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ha, never thought I'd be posting here - but some advice please!

(9 Posts)
readingwreck Mon 23-Jun-14 17:57:53

I've got two dds. Both summerborn. The second one is 4 - so in Reception. I don't think she's G&T, she just, like many children, really loves reading. I've not taught her. She reads to me in the evenings like her sister does, and as a result has become very good at it. In fact, slightly better than her older sister, who is a good reader in Year 2.

my four year old got to Level 14 on the school scheme - gold, lime? earlier this month (they kept putting her up, I never asked them to change her level), but clearly wasn't understanding the concepts (Treetops, ORT so designed for much older children). I suggested at this point that they found her something more appropriate, but they said that if she wasn't going to read those then she needed to choose from a box in Yr1. Which would be fine, but the books she brings home now have only one sentence on a page, because they let her choose whichever she likes. She can read them in seconds, so I've got her reading the Faraway Tree to me instead - which she enjoys.

I asked the teachers whether they could provide her with something challenging and appropriate, but they appear to think I am mad, and pushing her. I have never pushed her at all. She likes to go on Google after school and type in 'books for children' and then begs me to buy them - she is just obsessed with books (not always in a healthy way - I've asked them to ensure she spends less time in the book corner and more with her friends, as she clearly uses reading as a 'comfort blanket' when things go wrong).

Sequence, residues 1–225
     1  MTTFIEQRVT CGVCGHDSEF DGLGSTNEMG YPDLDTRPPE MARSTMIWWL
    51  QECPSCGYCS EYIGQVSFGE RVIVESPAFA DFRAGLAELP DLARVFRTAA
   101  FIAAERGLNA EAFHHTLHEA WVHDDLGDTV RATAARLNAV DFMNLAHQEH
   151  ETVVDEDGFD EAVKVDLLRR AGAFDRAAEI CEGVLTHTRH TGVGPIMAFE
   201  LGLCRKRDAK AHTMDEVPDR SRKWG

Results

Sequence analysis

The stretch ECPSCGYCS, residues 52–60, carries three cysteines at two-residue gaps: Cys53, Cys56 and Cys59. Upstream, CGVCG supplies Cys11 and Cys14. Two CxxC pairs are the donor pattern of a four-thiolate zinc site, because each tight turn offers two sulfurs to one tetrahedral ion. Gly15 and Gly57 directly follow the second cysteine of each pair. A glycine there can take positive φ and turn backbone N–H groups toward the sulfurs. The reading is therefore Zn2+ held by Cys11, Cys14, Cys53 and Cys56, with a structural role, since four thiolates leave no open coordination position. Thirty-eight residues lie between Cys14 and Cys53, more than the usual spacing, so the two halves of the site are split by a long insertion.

Am I unreasonable to assume that they should provide her with a book that is at an appropriate level for her, or are they right in saying such a book doesn't exist? She understands what she's reading when its something like the Faraway Tree or the Selfish Giant, can infer and predict at a reasonable level, but level 14 and above Treetops are all about things like Victorian poverty and adaptations of White Fang - not really appropriate for a four year old. I know this, because her sister has gone through the lot of them.

They think I will turn her off reading by allowing her free access to fairy tales and Enid Blyton, and I think they will turn her off reading if they keep just giving her books that are too easy, or insisting on rigid adherence to a scheme designed for Juniors. And now I feel like I'm being unreasonable by asking them to make time to choose the right book for her? What do I do to ensure they don't just think I'm some kind of nutter, but make sure dd2 is well served at the same time.

claraschu Mon 23-Jun-14 18:10:33

I had one child like this. I never asked the school for books; just give your daughter whatever you think she will like. Mine loved Doctor Dolittle books, Beverly Cleary, Narnia books, Laura Ingalls Wilder, and many others. He would read things to himself which he only partially understood, but he was enjoying himself, so why not?

I haven't found it helpful to discuss this kind of thing with teachers. They will probably think you are boastful, pushy and / or deluded. Only a teacher who notices your daughter's enthusiasm, and takes an interest, is likely to come up with good suggestions.

tenderbuttons Mon 23-Jun-14 18:46:01

We were in exactly the same position with DD in Reception, right down to Book Corner being a comfort zone.

In the end we just ignored the school books - in your case if she gets the one sentence ones then she can read them in 2 min and then get on with the stuff that matters.

I think it's better if school and reading are kept apart as long as possible for children like this, then they can just carry on reading for fun.

There are lots of good threads on here in which people recommend books for early readers like this. Also, can you order books from your local library? We can for free, and did, and it was a godsend at this stage when she was getting through them like they were sweets.